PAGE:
Rehash Trash

recycling rubbish | renewing lives

Rehash Trash was a Green Gecko social enterprise that made stylish stuff from roadside rubbish while providing a safe place for disadvantaged women to learn a skill and earn an income. 

Unfortunately, like many places around the world, Rehash Trash was hit hard by Covid 19 and with no tourism allowed in Cambodia for 2 years, we made the incredibly hard decision to close the enterprise. All of our staff were given opportunities to create a new business, and all of them now have skills which allowed them to be employed in other areas.

sustainable families

Green Gecko strongly believes that the long-term success of each child is strongly reliant on having long-term solutions for their families. And so, Rehash Trash, borne out of a 'sustainable families' forum' led by the students for their parents, was developed to provide a steady income in a safe and happy environment for their mothers, women who had never had the chance in life to know what it was like to have a steady job that was neither degrading or dangerous. It needed to be easy - as some of the mothers suffer from disabilities, others from addictions and other symptoms of poverty and abuse - and it had to be cheap, with minimal or no raw material costs.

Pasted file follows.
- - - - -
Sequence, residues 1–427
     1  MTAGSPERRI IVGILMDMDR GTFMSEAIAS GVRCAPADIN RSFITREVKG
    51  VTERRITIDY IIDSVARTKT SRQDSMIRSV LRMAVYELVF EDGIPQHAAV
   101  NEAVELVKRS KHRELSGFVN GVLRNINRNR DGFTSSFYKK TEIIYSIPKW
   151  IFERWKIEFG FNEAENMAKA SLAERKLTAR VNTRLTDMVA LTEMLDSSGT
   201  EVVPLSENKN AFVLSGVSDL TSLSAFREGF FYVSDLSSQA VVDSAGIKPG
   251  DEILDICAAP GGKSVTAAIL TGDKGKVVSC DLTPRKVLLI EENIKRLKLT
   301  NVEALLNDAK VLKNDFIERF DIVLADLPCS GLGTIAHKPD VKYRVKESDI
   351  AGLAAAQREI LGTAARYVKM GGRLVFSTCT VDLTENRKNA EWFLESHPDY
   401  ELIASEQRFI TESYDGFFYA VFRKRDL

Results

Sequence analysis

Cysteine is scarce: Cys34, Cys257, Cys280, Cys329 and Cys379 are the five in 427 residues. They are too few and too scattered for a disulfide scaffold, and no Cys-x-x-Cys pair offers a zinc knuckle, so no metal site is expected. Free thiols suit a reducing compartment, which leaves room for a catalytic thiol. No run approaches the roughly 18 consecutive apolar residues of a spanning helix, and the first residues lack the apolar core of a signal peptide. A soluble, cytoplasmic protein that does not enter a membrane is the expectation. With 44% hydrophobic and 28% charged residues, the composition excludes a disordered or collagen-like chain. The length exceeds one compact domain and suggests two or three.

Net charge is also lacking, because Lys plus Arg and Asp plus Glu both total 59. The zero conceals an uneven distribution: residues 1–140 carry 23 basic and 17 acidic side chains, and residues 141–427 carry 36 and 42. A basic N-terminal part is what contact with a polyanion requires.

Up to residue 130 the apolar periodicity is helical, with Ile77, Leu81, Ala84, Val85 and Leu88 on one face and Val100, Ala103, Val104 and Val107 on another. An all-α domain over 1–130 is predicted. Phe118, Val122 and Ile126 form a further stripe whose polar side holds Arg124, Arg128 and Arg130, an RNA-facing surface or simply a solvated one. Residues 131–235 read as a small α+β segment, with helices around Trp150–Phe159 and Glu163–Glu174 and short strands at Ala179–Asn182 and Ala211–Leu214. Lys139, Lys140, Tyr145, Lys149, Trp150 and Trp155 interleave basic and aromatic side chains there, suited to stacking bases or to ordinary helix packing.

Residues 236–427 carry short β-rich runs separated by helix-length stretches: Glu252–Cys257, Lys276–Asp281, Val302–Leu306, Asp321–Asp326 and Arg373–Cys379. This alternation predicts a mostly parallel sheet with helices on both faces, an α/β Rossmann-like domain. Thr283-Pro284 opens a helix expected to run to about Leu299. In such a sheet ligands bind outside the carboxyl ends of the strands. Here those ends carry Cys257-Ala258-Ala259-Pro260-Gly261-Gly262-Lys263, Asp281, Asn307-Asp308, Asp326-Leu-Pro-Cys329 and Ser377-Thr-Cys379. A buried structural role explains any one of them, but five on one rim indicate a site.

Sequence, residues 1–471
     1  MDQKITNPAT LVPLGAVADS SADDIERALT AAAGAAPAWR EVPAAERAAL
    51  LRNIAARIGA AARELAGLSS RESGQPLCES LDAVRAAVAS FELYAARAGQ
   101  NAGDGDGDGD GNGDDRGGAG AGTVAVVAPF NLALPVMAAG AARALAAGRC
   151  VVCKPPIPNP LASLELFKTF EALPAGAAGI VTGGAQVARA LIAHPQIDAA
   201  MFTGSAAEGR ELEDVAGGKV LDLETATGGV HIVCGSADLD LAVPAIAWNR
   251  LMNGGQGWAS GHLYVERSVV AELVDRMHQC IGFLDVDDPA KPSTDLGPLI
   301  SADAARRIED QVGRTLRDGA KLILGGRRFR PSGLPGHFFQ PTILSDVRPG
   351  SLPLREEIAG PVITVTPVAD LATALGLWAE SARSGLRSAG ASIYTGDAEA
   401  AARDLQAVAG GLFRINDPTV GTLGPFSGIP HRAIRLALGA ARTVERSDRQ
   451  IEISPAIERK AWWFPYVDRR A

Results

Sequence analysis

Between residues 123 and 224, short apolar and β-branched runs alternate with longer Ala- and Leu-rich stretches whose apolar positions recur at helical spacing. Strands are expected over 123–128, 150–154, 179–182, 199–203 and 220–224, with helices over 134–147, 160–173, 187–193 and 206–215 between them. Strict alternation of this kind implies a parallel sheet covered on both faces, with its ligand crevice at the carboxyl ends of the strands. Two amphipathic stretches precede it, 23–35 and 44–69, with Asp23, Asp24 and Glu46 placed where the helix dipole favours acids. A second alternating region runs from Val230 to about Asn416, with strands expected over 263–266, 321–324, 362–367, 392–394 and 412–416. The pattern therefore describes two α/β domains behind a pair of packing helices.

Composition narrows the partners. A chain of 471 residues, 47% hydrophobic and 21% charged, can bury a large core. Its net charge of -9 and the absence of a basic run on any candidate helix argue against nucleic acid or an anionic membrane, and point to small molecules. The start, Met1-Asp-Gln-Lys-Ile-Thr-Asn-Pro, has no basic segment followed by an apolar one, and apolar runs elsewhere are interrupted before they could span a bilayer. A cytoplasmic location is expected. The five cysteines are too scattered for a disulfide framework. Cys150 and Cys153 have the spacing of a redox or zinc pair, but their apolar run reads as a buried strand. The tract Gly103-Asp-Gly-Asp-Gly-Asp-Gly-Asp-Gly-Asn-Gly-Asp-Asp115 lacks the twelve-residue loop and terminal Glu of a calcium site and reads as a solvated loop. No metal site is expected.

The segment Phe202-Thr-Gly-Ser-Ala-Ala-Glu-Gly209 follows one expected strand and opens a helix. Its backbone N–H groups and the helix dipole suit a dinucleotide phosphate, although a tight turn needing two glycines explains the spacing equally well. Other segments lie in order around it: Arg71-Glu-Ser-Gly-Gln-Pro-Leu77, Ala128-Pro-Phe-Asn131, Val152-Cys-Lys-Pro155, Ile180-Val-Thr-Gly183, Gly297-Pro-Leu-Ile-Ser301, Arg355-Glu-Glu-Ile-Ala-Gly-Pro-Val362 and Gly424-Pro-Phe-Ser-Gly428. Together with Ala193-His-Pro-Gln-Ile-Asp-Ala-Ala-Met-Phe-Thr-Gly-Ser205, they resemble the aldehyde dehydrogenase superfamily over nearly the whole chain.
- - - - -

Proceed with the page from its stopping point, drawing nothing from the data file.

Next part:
cleaning up the environment

Rehash Trash, was a daily workshop that turned dirty roadside rubbish into beautiful household and fashion items. Sadly, in Siem Reap, the raw material was (and still is) in abundance - discarded plastic bags can be seen everywhere, on the roadside, in gardens, rivers and fields. We hope that we helped to make a difference to our environment through collecting some of that rubbish and up-cycling it into useful and beautiful products.

women empowerment

Every week the mums took turns to run smaller workshops in our shop, giving them the opportunity to teach visitors the crochet skills that they had learned, which was a hugely empowering interaction for them. The women also had the opportunity to see their own products being displayed beautifully and being sold to the public, and they were always so delighted to receive customer feedback and praise for their work. They were involved in every step of the Rehash Trash process, from the collection and washing of plastic bags; to the preparation and crocheting of products; to promoting Rehash Trash in Siem Reap. Each of the women attended a morning workshop 5 days a week, which ended in an engaging Khmer literacy or English language class, where our mothers learned the Khmer alphabet, how to read and write for the very first time, and to master basic spoken English. These skills have been integral in them finding new employment or creating their own small business.